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1. Full Text Accelerated hydrolytic degradation of ester-containing biobased epoxy resinsElectronic supplementary information (ESI) available: 1H NMR and 13C NMR data obtained from VA (Fig. S1); 13C NMR data obtained from EVA and AVA (Fig. S2); curing of EVA, ESA, E4HBA, ESO and DGEBA with MHHPA (catalyzed by 1-MI) to form an epoxy resin (Schemes S1-S5); DSC and TGA data obtained from the EVA monomer (Fig. S3); TGA data obtained from epoxy resins containing different ESO and DGEBA contents (Fig. S4); Tg as a function of post-curing time for EVA- and ESO-based epoxy resins (Fig. S5); optical microscopy images of epoxy resins before second-stage curing with differing ESO content (wt% ESO is the ESO content relative to the total amount of ESO and DGEBA) (Fig. S6); Fourier transform of optical micrographs for an epoxy resin containing 40 wt% ESO and particle size distributions obtained through image analysis of optical micrographs (Fig. S7); SEM images of ESO-based and DGEBA-based epoxy resins (Fig. S8); closer view of mass spectra obtained from degradation products of an ESO-based epoxy resin (Fig. S9); proposed chemical structures and molecular weight for peaks detected in mass spectrometry (Table S1); discussion of solid-state kinetic models; comparison of different solid-state kinetic models for fitting ESA and 40% ESO-based epoxy resins (Fig. S10 and Table S2) discussion of contracting volume model derivation; FTIR results of EVA and ESO curing reactions (Fig. S11); conversion of epoxy resins quantified through FTIR (Table S3). See DOI: 10.1039/c9py00240e
ISSN 1759-9954, 6/2019, Volume 1, Issue 23, pp. 3217 - 3229
The accelerated hydrolytic degradation of biobased epoxy resins containing ester linkages was investigated. Epoxidized biobased molecules were utilized as...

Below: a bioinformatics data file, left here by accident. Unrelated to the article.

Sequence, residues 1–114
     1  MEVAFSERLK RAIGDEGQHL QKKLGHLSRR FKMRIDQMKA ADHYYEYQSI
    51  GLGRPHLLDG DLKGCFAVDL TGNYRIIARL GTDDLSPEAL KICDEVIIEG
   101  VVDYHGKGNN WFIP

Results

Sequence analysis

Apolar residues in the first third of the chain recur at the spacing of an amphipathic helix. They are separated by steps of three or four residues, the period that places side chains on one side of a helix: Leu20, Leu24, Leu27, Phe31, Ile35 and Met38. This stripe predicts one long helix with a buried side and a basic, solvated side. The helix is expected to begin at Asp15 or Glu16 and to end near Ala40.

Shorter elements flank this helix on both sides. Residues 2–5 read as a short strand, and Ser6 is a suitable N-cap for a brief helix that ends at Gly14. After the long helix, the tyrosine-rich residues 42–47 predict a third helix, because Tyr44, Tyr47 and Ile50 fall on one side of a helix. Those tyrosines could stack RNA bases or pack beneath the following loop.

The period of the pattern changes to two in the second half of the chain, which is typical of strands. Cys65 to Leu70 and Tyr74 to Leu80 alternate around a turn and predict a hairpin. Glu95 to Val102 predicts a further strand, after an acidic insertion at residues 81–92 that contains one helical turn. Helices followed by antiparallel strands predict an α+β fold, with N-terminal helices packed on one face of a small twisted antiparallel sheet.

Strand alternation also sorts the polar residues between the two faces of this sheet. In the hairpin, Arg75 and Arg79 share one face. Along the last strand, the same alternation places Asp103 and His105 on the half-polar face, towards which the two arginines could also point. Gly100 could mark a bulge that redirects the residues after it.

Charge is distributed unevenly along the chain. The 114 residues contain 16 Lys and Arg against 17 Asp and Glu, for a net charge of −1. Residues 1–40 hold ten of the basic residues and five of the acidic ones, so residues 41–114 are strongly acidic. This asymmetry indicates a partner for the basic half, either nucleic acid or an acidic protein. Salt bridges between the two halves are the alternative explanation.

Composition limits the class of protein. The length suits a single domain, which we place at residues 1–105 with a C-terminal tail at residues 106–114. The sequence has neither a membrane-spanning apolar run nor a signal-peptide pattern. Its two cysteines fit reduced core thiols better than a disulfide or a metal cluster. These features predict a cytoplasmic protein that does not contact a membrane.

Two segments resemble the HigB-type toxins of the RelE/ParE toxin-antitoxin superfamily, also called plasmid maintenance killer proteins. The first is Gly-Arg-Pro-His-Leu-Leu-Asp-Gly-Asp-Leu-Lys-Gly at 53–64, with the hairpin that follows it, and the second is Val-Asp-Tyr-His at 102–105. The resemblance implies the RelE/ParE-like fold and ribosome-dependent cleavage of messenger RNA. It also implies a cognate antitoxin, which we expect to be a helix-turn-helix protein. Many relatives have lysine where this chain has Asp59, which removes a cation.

Journal Article
2. Accelerated hydrolytic degradation of ester-containing biobased epoxy resins (Electronic supplementary information (ESI) available: 1H NMR and 13C NMR data obtained from VA (Fig. S1); 13C NMR data obtained from EVA and AVA (Fig. S2); curing of EVA, ESA, E4HBA, ESO and DGEBA with MHHPA (catalyzed by 1-MI) to form an epoxy resin (Schemes S1–S5); DSC and TGA data obtained from the EVA monomer (Fig. S3); TGA data obtained from epoxy resins containing different ESO and DGEBA contents (Fig. S4); Tg as a function of post-curing time for EVA- and ESO-based epoxy resins (Fig. S5); optical microscopy images of epoxy resins before second-stage curing with differing ESO content (wt% ESO is the ESO content relative to the total amount of ESO and DGEBA) (Fig. S6); Fourier transform of optical micrographs for an epoxy resin containing 40 wt% ESO and particle size distributions obtained through image analysis of optical micrographs (Fig. S7); SEM images of ESO-based and DGEBA-based epoxy resins (Fig. S8); closer view of mass spectra obtained from degradation products of an ESO-based epoxy resin (Fig. S9); proposed chemical structures and molecular weight for peaks detected in mass spectrometry (Table S1); discussion of solid-state kinetic models; comparison of different solid-state kinetic models for fitting ESA and 40% ESO-based epoxy resins (Fig. S10 and Table S2) discussion of contracting volume model derivation; FTIR results of EVA and ESO curing reactions (Fig. S11); conversion of epoxy resins quantified through FTIR (Table S3). See DOI: 10.1039/c9py00240e)
Polymer Chemistry, ISSN 1759-9954, 01/2019, Volume 10, Issue 23, pp. 3217 - 3229
Journal Article
POLYMER CHEMISTRY, ISSN 1759-9954, 06/2019, Volume 10, Issue 23, pp. 3217 - 3229
The accelerated hydrolytic degradation of biobased epoxy resins containing ester linkages was investigated. Epoxidized biobased molecules were utilized as... 
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Journal Article
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